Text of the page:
BOTEREKWA escarpment road which is an international passage for trade and tourism in Shurugwi is set for a US$7million major facelift after the Government approved proposed dualisation designs.
The dualisation of the 8 kilometre descent on this narrow and meandering pass aptly called Boterekwa (meandering) or the Wolfshall Pass is expected to start soon bringing relief to motorists.
Built several decades ago by Italian craftsmen, the breath-taking road link has stood the test of time.
The bad state of the road has seen drivers struggle to manoeuvre safely and contributed to road carnage.
Last month a driver delivering soft drinks to Shurugwi died after he lost control of his truck which then overturned.
In March two people, a bus driver and a student were injured when the bus that was ferrying Pakame High School pupils rammed into a haulage truck at the escarpment.
Despite several accidents, most of which have been attributed to human error, it has provided passage to cargo trucks, buses and small cars which use the highway from Beitbridge Border Post to Chirundu, the gateway to Zambia the Democratic Republic of Congo and Tanzania through Gweru from South Africa.
However, the accidents will be a thing of the past soon according to the Midlands Provincial Roads Engineer Denis Mupfurira.
In an interview after touring the escarpment, Eng Mupfurira said works for the expansion of the Boterekwa stretch are expected to begin soon after the Government approved the proposed dualisation designs, a development that is expected to reduce accidents at danger zone.
Eng Mupfurira said the project is estimated to cost in the region of US$7 million adding that it will now go for a tender pre-visit tomorrow.
“This road has been giving us problems. Where we are standing, the corner is called the danger zone as many people have been killed in road accidents,”
Eng Mupfurira said the dualisation of the road will mean that the traffic going towards Shurugwi will use the old tarmac which is going to be rehabilitated as well.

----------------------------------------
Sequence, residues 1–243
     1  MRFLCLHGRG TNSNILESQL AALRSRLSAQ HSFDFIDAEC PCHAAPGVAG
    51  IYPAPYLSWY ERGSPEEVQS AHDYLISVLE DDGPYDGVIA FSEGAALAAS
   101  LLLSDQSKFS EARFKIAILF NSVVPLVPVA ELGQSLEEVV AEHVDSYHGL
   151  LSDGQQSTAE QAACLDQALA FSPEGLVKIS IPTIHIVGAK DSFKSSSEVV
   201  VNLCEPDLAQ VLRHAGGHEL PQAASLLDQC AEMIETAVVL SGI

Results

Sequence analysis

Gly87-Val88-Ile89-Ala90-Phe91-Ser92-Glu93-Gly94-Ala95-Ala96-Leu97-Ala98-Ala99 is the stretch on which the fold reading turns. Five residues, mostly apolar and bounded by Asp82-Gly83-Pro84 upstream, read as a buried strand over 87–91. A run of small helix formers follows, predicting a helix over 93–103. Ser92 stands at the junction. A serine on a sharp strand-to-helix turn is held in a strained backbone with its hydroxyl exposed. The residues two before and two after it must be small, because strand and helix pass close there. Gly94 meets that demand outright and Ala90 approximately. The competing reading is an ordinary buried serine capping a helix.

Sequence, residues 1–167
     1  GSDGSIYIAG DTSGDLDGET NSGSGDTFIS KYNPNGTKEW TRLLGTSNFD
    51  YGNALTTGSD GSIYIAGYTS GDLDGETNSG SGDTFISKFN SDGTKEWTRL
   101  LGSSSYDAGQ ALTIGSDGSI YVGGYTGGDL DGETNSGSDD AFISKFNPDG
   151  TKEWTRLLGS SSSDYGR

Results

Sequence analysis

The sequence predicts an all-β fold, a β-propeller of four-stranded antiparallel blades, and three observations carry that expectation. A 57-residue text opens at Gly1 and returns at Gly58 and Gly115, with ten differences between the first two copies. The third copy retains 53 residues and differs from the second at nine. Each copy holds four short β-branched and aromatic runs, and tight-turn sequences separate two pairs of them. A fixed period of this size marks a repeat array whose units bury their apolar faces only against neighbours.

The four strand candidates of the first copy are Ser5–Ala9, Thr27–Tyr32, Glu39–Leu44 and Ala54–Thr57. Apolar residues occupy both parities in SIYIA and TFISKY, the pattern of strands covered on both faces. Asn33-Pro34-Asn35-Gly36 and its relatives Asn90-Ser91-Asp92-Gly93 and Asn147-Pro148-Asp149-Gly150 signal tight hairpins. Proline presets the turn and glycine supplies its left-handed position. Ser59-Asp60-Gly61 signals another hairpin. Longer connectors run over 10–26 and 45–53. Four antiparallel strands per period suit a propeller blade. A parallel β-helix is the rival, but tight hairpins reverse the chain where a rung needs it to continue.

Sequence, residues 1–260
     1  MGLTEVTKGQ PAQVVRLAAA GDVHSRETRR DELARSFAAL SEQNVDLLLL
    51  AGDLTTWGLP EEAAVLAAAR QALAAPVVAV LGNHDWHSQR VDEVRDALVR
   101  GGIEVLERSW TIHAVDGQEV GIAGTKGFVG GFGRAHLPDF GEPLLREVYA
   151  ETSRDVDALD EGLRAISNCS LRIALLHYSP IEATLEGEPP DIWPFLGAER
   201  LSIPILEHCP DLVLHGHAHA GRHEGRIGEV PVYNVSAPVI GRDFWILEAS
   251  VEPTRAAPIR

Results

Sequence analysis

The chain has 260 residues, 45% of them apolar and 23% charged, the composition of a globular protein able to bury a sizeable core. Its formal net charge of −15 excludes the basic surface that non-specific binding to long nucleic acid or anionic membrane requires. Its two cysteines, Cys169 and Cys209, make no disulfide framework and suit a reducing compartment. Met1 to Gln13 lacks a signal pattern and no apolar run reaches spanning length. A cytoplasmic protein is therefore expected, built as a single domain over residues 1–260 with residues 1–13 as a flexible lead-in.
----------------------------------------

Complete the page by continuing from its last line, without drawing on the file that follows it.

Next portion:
“The traffic going to Zvishavane will use a new road that will be constructed. We expect work to begin as soon as we select a contractor. The project is expected to cost around US$7million,”
Midlands Minister of State for Provincial Affairs and Devolution Larry Mavima said the dualisation of the road will help improve the Gross Domestic Product (GDP) of the province as the road is an international passage for trade and tourism.
“We are happy with the commitment shown by the Government towards this road so far. This is an international road and its dualisation will curb accidents as well as improve movement of vehicular traffic. There won’t be delays caused by using one lane by motorists,”
Minister Mavima warned illegal miners accused of damaging the road through their mining activities to desist from destroying the national infrastructure.
“However, we have the menace of illegal miners around this area who have a tendency of working under this road. We are not saying mining activities shouldn’t be carried out in the country but we are saying they should be done in an orderly manner and away from infrastructure,”
The Boterekwa dualisation project is part of the Government’s flagship projects being spearheaded by the Cabinet committee on emergency preparedness and disaster management chaired by the National Housing and Social Amenities Minister Daniel Garwe.